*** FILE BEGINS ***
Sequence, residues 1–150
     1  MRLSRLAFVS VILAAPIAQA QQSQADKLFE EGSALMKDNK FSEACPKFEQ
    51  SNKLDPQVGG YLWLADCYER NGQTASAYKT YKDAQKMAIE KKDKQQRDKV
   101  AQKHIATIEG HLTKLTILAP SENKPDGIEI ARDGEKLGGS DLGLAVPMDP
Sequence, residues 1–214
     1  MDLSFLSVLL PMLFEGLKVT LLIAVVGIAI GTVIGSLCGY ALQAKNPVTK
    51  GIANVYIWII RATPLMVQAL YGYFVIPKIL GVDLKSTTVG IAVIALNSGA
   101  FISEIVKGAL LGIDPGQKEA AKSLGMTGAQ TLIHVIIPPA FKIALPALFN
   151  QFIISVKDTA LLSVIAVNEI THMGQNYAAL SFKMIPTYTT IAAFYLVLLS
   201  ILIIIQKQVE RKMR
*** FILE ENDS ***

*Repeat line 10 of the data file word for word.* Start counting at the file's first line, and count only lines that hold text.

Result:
   201  ILIIIQKQVE RKMR